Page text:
Second, if writers cannot actually handle the development of Character Inner Motivation and Inner Conflict, fiction might not be what they should be writing.
Still, here we are.
So, let me put this simply: if your character is not conflicted on a few levels,. you character lacks depth on every level.
Money's tight. I have four hundred dollars and seven hundred dollars worth of bills: Which shall I pay first?
Every time I'm having with my girlfriend and my friends, she's looking at Joe more than she's looking at me: Is this a problem or am I being overly sensitive.
Joe's looking back, and he dresses better when he knows my girlfriend is going to be there: Am I being paranoid? Which relationship is more important to me?
Just lately the boss is being more of a weenie than usual: Did I do something to offend? Will I have a job tomorrow? Should I confront about this? Should I hope it goes away?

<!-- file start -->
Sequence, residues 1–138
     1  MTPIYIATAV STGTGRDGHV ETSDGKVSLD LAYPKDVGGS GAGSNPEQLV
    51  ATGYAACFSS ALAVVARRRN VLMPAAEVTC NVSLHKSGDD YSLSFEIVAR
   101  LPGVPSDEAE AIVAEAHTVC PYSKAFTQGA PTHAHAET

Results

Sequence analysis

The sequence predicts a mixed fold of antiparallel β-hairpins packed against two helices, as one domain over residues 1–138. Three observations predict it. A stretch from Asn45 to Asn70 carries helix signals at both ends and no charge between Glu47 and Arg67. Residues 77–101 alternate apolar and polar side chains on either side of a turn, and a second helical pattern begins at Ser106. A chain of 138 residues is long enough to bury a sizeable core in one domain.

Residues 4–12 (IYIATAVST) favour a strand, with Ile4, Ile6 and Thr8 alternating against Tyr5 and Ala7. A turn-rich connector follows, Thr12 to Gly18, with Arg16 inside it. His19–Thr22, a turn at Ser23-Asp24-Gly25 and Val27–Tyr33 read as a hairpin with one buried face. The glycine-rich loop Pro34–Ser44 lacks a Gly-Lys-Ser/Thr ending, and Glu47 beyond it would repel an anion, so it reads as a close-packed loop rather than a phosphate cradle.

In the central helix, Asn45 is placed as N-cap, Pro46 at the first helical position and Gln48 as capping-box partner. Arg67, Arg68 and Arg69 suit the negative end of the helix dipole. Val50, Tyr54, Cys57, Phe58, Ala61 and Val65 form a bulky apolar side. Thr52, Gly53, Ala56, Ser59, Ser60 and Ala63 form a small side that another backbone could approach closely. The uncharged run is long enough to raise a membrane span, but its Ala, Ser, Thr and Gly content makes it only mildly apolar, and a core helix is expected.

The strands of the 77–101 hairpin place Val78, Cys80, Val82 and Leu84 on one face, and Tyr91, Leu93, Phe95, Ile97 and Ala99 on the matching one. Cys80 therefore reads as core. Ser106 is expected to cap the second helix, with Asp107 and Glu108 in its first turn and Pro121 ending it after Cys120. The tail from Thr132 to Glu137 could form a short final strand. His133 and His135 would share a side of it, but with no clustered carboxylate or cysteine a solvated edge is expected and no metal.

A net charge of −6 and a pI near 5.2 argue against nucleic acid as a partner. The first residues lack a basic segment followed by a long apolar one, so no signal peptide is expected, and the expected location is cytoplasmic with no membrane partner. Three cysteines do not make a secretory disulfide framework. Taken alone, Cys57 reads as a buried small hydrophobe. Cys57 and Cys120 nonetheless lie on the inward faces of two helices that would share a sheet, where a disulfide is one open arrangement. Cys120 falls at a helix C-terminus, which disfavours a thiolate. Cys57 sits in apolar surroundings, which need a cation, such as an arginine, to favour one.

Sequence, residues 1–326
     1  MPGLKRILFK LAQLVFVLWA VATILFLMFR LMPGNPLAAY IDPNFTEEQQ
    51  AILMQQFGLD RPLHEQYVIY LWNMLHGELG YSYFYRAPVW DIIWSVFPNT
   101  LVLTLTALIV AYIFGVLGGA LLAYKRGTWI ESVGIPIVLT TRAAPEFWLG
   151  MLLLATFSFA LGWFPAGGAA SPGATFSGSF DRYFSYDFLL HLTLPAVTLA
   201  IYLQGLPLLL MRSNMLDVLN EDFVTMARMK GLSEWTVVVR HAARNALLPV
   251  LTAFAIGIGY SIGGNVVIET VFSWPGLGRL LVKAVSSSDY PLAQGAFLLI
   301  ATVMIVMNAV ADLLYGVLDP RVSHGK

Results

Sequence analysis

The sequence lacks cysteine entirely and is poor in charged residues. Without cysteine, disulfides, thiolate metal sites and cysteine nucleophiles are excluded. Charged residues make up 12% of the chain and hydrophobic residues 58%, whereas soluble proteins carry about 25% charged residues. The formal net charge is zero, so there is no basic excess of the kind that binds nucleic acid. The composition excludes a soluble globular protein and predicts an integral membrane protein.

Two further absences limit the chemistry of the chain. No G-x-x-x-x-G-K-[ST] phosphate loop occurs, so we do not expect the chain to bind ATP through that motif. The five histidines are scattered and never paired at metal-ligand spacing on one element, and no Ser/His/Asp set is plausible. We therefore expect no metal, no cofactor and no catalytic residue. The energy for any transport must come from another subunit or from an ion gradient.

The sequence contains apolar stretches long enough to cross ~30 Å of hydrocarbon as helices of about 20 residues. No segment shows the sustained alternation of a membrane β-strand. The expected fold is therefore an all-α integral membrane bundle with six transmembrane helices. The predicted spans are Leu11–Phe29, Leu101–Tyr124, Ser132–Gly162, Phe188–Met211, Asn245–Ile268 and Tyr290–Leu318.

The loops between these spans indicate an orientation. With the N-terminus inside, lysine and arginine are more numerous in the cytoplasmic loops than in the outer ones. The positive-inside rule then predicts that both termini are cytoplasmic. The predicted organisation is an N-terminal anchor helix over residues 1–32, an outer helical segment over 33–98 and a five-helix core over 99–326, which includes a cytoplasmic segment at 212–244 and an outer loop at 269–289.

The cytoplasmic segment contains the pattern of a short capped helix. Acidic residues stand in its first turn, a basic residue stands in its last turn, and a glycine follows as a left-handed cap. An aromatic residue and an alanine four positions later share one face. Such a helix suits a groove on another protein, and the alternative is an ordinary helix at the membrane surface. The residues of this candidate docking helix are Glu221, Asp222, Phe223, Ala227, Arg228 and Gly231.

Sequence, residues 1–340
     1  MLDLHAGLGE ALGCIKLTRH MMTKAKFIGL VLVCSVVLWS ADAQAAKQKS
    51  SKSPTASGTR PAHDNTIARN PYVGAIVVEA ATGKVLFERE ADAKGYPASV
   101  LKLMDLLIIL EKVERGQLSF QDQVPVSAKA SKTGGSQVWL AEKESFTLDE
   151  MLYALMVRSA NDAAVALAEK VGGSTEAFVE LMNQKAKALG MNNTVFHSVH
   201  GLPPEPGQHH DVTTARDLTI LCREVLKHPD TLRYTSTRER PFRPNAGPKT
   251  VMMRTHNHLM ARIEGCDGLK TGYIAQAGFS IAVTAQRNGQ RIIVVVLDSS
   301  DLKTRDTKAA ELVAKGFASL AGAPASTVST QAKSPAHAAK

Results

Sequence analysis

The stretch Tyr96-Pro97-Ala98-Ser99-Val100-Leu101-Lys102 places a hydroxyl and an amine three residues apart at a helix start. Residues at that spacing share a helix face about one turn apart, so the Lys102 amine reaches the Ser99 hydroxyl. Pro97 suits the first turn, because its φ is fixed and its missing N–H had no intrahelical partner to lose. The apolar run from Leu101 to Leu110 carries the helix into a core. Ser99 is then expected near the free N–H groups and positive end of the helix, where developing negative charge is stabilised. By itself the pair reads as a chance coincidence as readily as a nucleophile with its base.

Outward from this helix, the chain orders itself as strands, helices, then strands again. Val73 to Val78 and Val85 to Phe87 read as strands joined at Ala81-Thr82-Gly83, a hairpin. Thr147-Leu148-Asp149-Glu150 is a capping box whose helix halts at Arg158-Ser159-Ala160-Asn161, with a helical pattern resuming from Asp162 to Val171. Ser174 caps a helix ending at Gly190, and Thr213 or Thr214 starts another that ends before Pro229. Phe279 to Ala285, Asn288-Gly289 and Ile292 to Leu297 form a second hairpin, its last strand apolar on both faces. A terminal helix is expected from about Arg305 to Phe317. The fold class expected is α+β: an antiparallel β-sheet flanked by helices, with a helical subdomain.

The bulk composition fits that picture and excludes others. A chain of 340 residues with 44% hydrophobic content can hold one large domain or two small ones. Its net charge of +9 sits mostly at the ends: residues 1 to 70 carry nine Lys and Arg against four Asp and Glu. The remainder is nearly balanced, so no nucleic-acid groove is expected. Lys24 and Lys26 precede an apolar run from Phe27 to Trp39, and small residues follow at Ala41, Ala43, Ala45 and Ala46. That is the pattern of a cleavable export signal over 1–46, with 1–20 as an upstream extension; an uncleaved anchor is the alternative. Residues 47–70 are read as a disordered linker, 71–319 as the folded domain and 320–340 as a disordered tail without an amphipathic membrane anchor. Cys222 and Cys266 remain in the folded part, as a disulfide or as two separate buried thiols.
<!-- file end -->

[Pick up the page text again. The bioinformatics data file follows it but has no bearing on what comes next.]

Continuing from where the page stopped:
I was maybe a little too harsh in my criticism of Nick last week. He's not exactly good with negative feedback: Did I take it too far?
Every living, sentient human being is conflicted about something. It might be the smallest damn drama you ever saw, but it's there and it's real for them.
Not my imagination: Joe is definitely hitting in my girlfriend and she likes it. Should I confront both of them? One of them?
Joe cleaned my clock after I confronted him: Do I bow out gracefully? Do I walk away? Did I just spend three months worth of my salary on an engagement ring for nothing?
Do I know how to hide a body? Is she worth killing him for? If I do this, am I really out to protect what is mine? Or is it a matter of revenge?
I want to go on vacation. Not happening with the current job. Do I really want to take on a second job? Maybe not, but damn, Hawaii....
That masked man killed my wife! But I saw the ring on his hand, the one that Joe used to wear. I will have my revenge!
Motivation is easy.
I want to be a writer! Maybe the first step is writing a novel....